#icelanding2016

Part 8: The Ring Road, Day 6

We spent most of the day exploring the Snæfellsnes peninsula in Western Iceland. The area is often referred to as a mini version of Iceland, due to the amount of sights to be seen. Needless to say, it did not disappoint.

Kirkjufell

Kirkjufell, which is Icelandic for Church Mountain, is located in Grundarfjörður on the Snæfellsnes peninsula. It was incredibly windy when we visited, to the point where leaning into it would hold you up (there's a video in here of Sarah and I almost falling over from wind). It's a gorgeous view, though.

The wind was so strong that the birds were just getting thrown backwards whenever they'd take off.

Here we are, trying to stay upright. I had to keep my sunglasses on with my hat tucked over them due to how much my eyes were tearing from wind.

The view across the water from in front of the mountain was really great with the storm clouds and moody light.

Kirkjufellsfoss, which is basically Church Mountain Waterfall, is across the road from the mountain. There is a small bridge that spans over the top and then a stone step path you can take down to stand down near the basin and get great shots of the mountain and falls together. Still waiting on that panorama capable theme, @Steller 😁

Djúpalónssandur

Djúpalónssandur is a black sand beach at the foot of Snæfellsjökull. Its bay was once home to an active fishing village, but is now uninhabited. The landscape is fascinating, with moss covered lava formations lining the shore and creeping up from the water. The tide is rough, so do be careful approaching, but this is definitely a must-see spot.

Me, sitting in the Gatklettur Rock.

On March 13, 1948 a British trawler, The Epine GY7 wrecked on the beach at Djúpalónssandur. There were 19 crew aboard and only four survived the wreck. The irons remains of the ship lay scattered on the sands of the beach to this day, not to be disturbed by visitors.

Required beach trio selfie.

Hellnar

Hellnar is an ancient fishing village with a super cool name. We stopped there for a bit to have lunch, at Primus Kaffe, and stroll around.

There was a dense fog hanging low in the sky. We called him Kjarl the Fog, the Icelandic brother of San Francisco's Karl the Fog.

On our way out of Hellnar.

Ölkelda Mineral Spring is a mineral spring in the Snaefellsnes peninsula that has naturally carbonated water.

We all tried it, and it was very carbonated, but it also tasted intensely of iron. So, we did not fill our bottles.

Grundarfjörður

I THINK this is Grundarfjörður, anyway. I cannot find this exact spot on any map anywhere and I only see one other photo of it on Google and it's unlabeled. If anyone knows where this is, please tell me! I only know it's pretty, has signage about the Sagas, and is near Snaefellsnes.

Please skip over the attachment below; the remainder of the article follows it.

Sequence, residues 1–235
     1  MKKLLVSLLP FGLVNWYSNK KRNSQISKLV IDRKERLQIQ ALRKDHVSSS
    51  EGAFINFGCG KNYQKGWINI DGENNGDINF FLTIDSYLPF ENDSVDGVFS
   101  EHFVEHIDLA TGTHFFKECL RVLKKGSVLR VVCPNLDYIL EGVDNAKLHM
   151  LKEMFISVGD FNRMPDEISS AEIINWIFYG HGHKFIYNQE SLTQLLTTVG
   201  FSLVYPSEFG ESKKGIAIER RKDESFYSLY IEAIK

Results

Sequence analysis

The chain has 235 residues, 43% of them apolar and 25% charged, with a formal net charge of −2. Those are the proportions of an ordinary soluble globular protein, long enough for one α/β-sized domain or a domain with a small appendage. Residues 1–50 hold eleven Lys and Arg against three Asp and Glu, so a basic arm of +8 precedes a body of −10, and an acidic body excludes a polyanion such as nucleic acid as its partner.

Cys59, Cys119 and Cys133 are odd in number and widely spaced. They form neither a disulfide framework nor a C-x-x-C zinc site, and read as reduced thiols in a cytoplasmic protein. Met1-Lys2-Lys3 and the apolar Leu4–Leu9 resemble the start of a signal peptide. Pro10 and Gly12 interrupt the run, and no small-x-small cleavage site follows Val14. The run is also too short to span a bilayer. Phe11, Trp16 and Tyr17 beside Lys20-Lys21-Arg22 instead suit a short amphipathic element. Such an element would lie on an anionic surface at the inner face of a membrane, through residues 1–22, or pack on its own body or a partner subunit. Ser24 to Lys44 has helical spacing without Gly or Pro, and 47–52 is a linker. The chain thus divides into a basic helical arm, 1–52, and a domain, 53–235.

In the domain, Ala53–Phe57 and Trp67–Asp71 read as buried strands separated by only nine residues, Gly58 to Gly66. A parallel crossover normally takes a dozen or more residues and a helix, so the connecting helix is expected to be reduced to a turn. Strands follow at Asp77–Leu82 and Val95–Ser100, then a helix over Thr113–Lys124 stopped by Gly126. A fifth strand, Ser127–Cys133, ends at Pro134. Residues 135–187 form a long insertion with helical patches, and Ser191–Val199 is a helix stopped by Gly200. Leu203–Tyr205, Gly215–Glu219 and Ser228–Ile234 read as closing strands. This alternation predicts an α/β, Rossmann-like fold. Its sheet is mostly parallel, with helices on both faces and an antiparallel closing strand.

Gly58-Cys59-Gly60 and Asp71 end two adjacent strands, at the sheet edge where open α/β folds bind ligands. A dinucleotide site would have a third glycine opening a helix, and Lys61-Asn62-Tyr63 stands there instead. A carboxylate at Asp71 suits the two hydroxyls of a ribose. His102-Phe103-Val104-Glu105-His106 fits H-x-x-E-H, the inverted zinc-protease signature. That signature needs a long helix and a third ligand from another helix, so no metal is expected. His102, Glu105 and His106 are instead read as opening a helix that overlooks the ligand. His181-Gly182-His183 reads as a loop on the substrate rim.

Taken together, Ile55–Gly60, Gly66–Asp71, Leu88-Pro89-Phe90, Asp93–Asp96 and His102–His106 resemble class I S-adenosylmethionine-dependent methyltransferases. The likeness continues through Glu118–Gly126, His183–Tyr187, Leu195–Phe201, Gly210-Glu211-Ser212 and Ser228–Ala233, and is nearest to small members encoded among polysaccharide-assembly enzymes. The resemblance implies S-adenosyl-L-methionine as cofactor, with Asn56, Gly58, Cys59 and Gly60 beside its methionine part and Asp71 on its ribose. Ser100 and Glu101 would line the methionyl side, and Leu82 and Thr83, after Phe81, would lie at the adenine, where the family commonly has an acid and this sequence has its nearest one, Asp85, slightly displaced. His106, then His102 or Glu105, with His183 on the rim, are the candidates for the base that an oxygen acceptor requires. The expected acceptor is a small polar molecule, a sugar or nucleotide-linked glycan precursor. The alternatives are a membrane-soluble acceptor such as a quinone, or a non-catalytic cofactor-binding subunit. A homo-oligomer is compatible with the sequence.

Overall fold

Berserkjahraun

A lava field to end all lava fields, the Berserkjahraun is 3-4,000 years old and gets its name from part of the Eyrbyggia Saga. The story tells of a 10th century farmer who had two Berserkers as laborers on his land. When one of them fell in love with the farmer's daughter and asked to marry her, the farmer was afraid to refuse.

The farmer consulted a chieftain and was advised to challenge the Berserker with an impossible task. Upon completion, the Berserker could then have his daughter's hand. The farmer instructed the two Berserkers to clear a path through the lava field so that the farmer could cross to the other side without having to go around the entire field. The two laborers set about their task with all their aggressive berserker energy and soon had the "impossible" task completed.

Thrilled about the road, but alarmed about the prospect of having to marry off his daughter to the Berserker, the farmer invited the two laborers to rest in a sauna he'd built for them. The sauna, however, was a trap and the farmer killed and buried both Berserkers. The road cutting through the lava field, and supposed burial ground, can still be seen today.

The expanse of this field was awesome. I was also struck by how soft the moss covered rock actually was. It felt as if you could lay on it comfortably.

This was definitely one of my favorite spots in Iceland.

a story by @thatlalagirl #iceland #ringroad #snaefellsnes #travel #europe #goexplore #travelphotography #roadtrip #stellerstories #easticeland #lavafield #stellerplaces #nature #icelanding2016 #StellarOutdoors See more at ThatLalaGirl.com Flickr and Instagram Instagram: @thatlalagirl Stay tuned for the rest of my two week Iceland trip!

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